When my brother and his wife, plus myself and my former husband were all at UC Santa Cruz, an inheritance allowed my mother to take classes there in writing, feminism, women’s history, and oral history.

In 1991, she returned to Ventura to take care of her parents, former Ventura Fire Chief LeRoy “Manny” Paquette and retired school secretary Gwenn Paquette.

Suzanne became a docent at the Ventura County Museum, and taught docent training classes. She conducted and transcribed oral histories of long-time county residents including her parents and their friends to capture the spirit and the flavor of Ventura: the coming of the automobile, the volunteer fire department, daily life, and more. She wanted the Museum to include the stories of women and other working people rarely recorded and remembered.

She read every issue of the Ventura County newspaper from the late 1800s-1920s to produce extensive clipping files—20 notebooks on topics from suffrage to racism to temperance she and others could use as a resource.

All these stories were so vivid and exciting that she wanted to share them. She was also concerned that retirees moving to our county would have no connection to its history or its schools, and would be less likely to support services they didn’t use.

But how could she engage audiences to share these stories?

When I was in graduate school, she and I attended a Chautauqua where scholars dressed as historical figures told their stories. I encouraged her to transform the oral histories she had collected and to use the research she had conducted to create scripts and to do living history performances.

She started with Molly Donlon. Nervous about her first performance, she questioned whether she could keep their attention. The quiet and stillness of the audience unnerved her and she wondered if they were sleeping or daydreaming until she described a plume of smoke off in the distance and everyone in the room turned their heads to see what she was looking at!

Soon she had a closet full of wigs, hats and costumes, and a calendar full of speaking engagements all over the county and beyond. Innkeeper Josephine Pierpont, Theodosia Burr Shepherd’s daughter, librarian Elizabeth Topping, and more–all but one resided in Ventura County. The exception? Helen Hunt Jackson who set her novel Ramona at Rancho Camoulos.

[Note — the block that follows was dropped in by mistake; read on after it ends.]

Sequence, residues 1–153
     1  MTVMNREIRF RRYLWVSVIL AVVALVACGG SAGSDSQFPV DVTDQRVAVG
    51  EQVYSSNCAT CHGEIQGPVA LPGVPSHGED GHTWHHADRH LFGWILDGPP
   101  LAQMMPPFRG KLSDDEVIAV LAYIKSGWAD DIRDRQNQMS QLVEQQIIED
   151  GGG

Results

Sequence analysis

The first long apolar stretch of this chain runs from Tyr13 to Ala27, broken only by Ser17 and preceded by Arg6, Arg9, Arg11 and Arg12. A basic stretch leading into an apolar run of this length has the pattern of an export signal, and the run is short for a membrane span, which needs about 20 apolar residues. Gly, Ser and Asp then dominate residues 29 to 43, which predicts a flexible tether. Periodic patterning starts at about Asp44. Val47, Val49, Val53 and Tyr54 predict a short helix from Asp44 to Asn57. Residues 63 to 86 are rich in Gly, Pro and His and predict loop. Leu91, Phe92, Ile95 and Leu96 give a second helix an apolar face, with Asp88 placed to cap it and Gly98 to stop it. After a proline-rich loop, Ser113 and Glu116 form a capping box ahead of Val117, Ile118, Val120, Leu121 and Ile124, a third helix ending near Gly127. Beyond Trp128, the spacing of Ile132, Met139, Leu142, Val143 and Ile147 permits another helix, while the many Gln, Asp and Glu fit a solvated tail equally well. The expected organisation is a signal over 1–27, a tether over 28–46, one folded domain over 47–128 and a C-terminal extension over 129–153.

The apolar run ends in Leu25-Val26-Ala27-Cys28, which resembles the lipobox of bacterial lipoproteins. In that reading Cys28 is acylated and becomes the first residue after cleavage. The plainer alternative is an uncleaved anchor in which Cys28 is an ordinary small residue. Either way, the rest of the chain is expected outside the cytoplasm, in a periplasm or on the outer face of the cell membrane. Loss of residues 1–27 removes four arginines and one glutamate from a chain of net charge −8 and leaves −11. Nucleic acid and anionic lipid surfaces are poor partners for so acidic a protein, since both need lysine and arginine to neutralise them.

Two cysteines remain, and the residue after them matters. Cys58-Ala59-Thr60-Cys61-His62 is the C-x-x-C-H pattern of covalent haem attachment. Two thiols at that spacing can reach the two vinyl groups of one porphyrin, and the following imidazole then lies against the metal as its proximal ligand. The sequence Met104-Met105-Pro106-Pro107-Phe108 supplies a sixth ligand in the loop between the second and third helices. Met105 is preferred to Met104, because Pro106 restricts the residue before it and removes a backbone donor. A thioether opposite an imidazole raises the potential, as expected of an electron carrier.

Many of Suzanne’s multi-character plays, such as “A Wake for Uncle Seamus,” were produced at the Pierpont Inn as fundraisers for the Ventura County Museum.  She taught docents from the Museum, Rancho Camoulos, Heritage Square and more how to do living history, using research and scripts she’d written.

A founding member of the San Buenaventura Conservancy, Suzanne trained living historians to perform at locations all over town for several events. Her memorial service at the Museum was full of women in costume who spoke about how she had changed their lives by encouraging them to become living historians.

Although she received many awards, my mother was not one to seek out honors. But she did need money for new wigs and costumes and to pay her bills so I helped her apply for grants from the City of Ventura. One year she received a grant for $500 and in 2007 she received a $5000 Arts Fellowship. Sitting in the room listening to the committee discuss the merits of the various applicants, I remember hearing poet Wanda Coleman rave about how well written the scripts were. When someone complained that Suzanne was applying as a performing artist and yet there was nothing to show her acting, Ms Coleman said the writing was so wonderful she didn’t care what the performance was like—she could hear the voices in her head.